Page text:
Thomas Jefferson Papers

John Minor to Thomas Jefferson, 8 September [1814]

From John Minor

Fredericksburg Sep. 8th [1814]

Accept, Dear Sir, my thanks for your kind Letter, I shall give it to my Son as the most valuable Present I can make him;

You, no doubt, have heard of the disgraceful disasters that have overwhelmed our Country, I need not, therefore, wring your Heart by the Painful repetition of the sad Tale—The Enemy have gone down the River with their—(I was about to call it their plunder)—but think it more correct to call it the Donations of Alexandria, I saw them yesterday opposite to Boyds Hole, about 20 in number; I blushed for my Country, but could not, at the same time, suppress, (perhaps) the uncharitable1 wish that they had the Town of Alexandria2 on board, Houses and all: That I might never see the monument of my country’s compleated disgrace—The wish, I fear is too general to be just—it may be that there were five just person going among them—this may be, but there were not many more—it is reported that the Mayor, Colo Simm remonstrated with Com. Rodgers on his hoisting the American Flagg in the Town, (when he took possession of it, by order of the President,) the Reply was short, that he had raised it and that he the Mayor might pulle it down—if he Dared.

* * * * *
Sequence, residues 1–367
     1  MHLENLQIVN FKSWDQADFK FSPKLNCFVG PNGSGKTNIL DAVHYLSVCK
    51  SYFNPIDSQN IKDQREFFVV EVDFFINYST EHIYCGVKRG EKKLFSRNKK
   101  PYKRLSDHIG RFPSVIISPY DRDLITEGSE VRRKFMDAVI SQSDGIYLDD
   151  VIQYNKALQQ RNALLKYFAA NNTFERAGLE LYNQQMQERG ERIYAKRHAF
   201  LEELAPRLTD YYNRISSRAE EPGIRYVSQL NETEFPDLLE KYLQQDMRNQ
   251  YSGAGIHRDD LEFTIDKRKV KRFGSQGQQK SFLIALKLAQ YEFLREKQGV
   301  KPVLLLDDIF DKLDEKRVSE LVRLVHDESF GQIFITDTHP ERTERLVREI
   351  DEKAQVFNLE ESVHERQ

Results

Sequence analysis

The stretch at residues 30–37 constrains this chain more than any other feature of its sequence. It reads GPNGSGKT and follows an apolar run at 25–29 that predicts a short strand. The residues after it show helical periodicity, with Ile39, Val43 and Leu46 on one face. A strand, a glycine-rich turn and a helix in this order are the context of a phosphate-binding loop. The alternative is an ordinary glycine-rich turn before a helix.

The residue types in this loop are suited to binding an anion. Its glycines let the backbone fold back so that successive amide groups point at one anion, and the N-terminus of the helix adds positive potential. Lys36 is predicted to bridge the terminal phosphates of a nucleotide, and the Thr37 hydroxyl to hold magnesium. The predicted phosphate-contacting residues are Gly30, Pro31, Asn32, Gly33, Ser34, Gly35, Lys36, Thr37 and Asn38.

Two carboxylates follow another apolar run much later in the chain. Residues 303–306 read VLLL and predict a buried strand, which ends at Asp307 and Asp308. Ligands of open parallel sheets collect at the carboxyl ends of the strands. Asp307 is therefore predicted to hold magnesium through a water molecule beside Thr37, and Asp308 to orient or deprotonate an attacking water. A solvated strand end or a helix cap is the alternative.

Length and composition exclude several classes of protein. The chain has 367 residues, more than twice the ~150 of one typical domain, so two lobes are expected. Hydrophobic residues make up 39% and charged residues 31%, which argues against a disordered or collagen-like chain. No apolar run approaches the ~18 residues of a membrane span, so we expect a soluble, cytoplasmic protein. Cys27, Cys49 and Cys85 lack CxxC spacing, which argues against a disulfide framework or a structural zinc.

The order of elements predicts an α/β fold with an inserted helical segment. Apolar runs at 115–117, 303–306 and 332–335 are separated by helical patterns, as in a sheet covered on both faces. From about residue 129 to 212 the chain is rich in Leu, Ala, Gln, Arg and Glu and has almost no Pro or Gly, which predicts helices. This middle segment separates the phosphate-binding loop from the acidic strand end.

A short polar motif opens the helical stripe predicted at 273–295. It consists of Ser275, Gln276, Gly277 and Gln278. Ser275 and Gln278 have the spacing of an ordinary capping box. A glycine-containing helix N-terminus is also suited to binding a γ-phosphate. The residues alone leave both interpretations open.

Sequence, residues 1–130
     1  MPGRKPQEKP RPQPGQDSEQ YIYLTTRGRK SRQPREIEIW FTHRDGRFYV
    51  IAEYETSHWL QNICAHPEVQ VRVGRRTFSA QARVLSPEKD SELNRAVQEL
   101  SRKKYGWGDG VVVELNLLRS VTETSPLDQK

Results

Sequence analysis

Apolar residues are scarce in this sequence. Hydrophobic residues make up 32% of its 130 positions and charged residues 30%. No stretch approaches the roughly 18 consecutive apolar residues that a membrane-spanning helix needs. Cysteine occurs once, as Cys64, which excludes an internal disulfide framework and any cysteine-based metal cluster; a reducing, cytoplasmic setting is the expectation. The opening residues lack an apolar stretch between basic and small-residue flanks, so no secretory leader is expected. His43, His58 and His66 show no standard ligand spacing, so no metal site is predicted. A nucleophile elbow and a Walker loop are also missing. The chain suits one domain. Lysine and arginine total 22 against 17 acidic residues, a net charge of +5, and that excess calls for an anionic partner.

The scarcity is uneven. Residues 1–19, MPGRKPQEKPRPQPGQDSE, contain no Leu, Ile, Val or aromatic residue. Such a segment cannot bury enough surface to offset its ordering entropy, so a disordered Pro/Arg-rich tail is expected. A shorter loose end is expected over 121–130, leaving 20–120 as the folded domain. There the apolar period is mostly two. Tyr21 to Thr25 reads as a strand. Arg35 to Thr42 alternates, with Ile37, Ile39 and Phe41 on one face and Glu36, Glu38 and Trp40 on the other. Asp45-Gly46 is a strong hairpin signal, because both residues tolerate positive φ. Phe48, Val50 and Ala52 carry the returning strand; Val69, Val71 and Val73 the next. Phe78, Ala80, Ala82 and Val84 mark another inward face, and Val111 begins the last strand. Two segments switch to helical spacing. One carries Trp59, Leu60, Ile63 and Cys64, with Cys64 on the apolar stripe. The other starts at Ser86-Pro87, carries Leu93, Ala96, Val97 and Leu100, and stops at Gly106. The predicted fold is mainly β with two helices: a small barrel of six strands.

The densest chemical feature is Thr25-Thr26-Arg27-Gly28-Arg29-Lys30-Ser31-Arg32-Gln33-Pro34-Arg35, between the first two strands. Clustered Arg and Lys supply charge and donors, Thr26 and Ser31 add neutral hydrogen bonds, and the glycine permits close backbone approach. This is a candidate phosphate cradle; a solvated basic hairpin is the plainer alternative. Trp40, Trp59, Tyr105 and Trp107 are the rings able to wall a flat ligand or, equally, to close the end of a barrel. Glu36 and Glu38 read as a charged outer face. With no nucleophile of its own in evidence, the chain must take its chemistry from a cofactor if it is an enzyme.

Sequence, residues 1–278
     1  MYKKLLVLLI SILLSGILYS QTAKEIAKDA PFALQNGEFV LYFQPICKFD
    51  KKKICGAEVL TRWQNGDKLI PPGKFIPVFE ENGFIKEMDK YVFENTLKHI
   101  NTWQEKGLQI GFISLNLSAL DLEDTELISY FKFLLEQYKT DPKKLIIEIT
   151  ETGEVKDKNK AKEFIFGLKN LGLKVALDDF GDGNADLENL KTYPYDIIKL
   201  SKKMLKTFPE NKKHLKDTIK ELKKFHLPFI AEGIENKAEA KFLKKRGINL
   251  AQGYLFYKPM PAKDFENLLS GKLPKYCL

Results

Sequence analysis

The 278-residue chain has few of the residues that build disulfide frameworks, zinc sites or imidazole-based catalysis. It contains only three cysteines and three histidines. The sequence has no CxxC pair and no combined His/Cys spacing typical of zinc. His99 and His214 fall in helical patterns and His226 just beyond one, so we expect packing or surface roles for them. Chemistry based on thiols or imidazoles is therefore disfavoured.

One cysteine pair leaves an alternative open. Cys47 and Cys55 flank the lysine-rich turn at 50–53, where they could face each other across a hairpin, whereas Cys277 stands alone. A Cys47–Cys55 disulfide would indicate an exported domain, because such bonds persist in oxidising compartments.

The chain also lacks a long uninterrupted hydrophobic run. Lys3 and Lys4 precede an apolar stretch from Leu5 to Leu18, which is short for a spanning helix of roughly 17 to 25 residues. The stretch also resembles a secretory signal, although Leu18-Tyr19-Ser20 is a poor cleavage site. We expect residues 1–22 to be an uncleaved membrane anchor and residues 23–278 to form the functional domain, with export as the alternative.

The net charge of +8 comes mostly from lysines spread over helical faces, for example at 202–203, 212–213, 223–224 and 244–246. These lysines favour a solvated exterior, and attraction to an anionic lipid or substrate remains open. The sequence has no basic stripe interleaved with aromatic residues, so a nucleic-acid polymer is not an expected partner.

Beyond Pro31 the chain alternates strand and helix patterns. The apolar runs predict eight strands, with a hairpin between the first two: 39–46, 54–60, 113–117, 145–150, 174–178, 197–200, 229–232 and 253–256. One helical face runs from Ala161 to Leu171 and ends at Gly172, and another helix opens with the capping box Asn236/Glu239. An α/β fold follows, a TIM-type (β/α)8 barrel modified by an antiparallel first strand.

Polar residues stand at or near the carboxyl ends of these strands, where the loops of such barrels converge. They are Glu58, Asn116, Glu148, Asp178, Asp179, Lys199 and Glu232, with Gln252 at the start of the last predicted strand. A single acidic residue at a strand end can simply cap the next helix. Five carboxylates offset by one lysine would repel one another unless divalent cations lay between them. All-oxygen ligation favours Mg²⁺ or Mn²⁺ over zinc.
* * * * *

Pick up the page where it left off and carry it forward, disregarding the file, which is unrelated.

The passage of the Fleet gives us some relief here for the Executive in their wisdom have called all3 the natural defence of this part of the Country to defend Richmond, leaving us with about 200 Men

May God bless you my dear Sir

J Minor

RC (MHi); partially dated; addressed: “Thos Jefferson Esquire Monticello”; stamp canceled and frank substituted; endorsed by TJ as a letter of 8 Sept. 1814 received the next day and so recorded in SJL.

boyds hole was in King George County (Joseph Martin and William H. Brockenbrough, A New and Comprehensive Gazetteer of Virginia, and the District of Columbia … [1835], 202). The citizens of alexandria, led by mayor Charles Simms, surrendered their defenseless town on 29 Aug., agreeing to give up their commercial flour, tobacco, and other merchandise if their homes and personal possessions were not molested (Heidler and Heidler, War of 1812 description begins David S. Heidler and Jeanne T. Heidler, eds., Encyclopedia of the War of 1812, 1997 description ends , 538).

1Manuscript: “uncharible.”

2Manuscript: “Alexandia.”

3Word interlined.

Index Entries

  • Alexandria, Va.; surrender of search
  • flour; British seize search
  • Madison, James; and surrender of Alexandria search
  • Minor, John (1761–1816); and law studies of John Minor (1797–1862) search
  • Minor, John (1761–1816); and surrender of Alexandria search
  • Minor, John (1761–1816); letters from search
  • Minor, John (1797–1862); TJ recommends legal curriculum for search
  • Richmond, Va.; defense of search
  • Rodgers, John; American naval commander search
  • Simms, Charles; mayor of Alexandria search
  • tobacco; British take from Alexandria search
  • War of1812; and military preparations search
  • War of1812; defense of Richmond search
  • War of1812; surrender of Alexandria search